We have to try. We have to try harder. We have to stand by our clients and say “I’m not ready”. We have to fight for resources, we have to make that extra effort. We have to remember that a month less in jail for a client is a month more of freedom that we take for granted. We have to remember that the fight isn’t between us and them, it’s between them and the State. We have to stop injecting ourselves into this adversarial system.

So when that call comes that the client has filed a habeas corpus petition, we should embrace it rather than go running to call “my lawyer” the state’s attorney. The state’s attorney is not your lawyer. If I had my druthers, not one single public defender would ever cooperate with a state’s attorney seeking to get a client’s habeas petition denied. You’re not being sued, your mother isn’t being called to tell her what a bad boy you’ve been and naked pictures of you aren’t being posted to Facebook. Your client is seeking some justice, deserved or not. Your ego has no place in that room.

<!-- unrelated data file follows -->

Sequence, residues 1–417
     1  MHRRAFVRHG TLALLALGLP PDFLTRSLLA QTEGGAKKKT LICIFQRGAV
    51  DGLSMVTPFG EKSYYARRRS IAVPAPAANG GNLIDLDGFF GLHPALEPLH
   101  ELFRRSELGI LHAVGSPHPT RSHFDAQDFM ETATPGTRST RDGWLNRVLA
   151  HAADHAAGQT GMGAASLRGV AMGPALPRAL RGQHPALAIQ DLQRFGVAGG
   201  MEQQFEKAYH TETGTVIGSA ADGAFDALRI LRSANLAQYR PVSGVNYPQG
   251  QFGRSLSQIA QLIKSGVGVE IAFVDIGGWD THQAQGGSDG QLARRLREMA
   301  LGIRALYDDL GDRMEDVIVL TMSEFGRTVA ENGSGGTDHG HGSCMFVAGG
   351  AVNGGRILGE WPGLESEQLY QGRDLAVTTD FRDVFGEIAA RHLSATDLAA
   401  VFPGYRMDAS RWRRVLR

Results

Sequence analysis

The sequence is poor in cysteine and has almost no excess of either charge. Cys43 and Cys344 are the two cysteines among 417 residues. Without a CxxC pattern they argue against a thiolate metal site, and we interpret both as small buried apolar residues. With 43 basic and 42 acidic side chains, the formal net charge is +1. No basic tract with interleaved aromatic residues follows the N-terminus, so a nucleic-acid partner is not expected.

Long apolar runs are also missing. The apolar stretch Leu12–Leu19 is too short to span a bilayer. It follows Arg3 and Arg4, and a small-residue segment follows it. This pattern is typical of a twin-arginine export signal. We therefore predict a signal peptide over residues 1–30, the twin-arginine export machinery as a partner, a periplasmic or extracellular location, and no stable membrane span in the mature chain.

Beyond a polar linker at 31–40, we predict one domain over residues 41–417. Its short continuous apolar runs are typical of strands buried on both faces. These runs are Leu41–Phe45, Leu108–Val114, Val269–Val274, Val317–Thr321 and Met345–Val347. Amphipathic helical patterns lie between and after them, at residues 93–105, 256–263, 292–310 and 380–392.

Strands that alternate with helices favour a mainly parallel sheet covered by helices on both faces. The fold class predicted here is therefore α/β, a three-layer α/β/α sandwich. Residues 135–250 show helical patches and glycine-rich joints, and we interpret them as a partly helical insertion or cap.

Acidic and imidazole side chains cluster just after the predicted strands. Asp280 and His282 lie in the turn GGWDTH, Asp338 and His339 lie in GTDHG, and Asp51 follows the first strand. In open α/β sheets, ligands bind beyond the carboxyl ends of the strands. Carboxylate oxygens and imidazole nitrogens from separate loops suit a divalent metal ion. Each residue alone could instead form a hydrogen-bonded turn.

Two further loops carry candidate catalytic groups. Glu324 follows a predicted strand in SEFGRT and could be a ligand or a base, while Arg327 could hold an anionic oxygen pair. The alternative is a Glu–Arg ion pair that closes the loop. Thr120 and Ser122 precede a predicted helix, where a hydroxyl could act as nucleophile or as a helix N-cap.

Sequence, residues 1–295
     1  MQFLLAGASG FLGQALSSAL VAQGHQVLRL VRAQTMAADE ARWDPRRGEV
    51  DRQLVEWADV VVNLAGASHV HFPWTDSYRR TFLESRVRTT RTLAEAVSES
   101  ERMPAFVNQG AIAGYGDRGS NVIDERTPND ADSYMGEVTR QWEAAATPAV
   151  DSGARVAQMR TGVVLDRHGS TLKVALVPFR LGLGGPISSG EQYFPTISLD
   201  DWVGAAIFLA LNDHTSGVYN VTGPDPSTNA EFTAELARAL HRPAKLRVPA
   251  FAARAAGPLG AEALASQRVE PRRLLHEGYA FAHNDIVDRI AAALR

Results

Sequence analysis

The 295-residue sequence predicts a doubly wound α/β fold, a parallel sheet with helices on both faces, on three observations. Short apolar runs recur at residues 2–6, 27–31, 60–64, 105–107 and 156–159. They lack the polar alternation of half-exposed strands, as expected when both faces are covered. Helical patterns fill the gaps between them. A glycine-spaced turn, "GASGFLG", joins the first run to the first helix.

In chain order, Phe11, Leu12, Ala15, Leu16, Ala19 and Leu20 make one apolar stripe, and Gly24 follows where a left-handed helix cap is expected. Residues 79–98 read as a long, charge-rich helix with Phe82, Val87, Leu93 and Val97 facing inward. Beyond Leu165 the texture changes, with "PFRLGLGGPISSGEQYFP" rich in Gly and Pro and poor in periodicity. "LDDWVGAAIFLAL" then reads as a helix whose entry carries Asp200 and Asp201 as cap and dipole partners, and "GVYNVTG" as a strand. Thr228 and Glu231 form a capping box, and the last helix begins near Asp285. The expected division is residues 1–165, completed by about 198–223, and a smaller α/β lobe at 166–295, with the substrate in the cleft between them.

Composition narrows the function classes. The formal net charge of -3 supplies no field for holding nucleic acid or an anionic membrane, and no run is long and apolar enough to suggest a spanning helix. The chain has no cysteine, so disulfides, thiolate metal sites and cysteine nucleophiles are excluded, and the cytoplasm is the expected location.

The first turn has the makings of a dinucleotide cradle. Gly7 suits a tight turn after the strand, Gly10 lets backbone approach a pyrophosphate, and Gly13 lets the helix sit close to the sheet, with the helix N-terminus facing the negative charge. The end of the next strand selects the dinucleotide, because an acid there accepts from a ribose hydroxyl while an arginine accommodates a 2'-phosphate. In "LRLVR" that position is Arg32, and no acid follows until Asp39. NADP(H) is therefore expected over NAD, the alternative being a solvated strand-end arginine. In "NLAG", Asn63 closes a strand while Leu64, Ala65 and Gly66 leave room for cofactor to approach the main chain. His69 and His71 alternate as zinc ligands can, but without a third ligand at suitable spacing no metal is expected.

But I digress. Yes, there is a workload problem. Yes, there is a resource problem. So do something about it. Like Missouri did. They refused to take on additional cases because doing so would cause them to provide ineffective assistance of counsel. Their Supreme Court agreed.Now, they’re working on a plan to decide how best to manage caseloads.

Just don’t whine.

8 thoughts on “Don’t be a part of the problem

  1. Jamison

    This blog entry will be my nomination for the SJ Blog Entry of the Year Award.

    As a former public defender myself, I am guilty myself of having done my share of whining. So I will avoid that temptation here. What I will say is saying “I am not ready” is not the solution. It means that the client will sit in custody on a unproven charge a couple of weeks or months longer. And, in a system of horizontal representation like they employ in Philadelphia, it will only mean that the case is passed onto the next defender who will find him/herself equally unprepared. The cycle will just continue.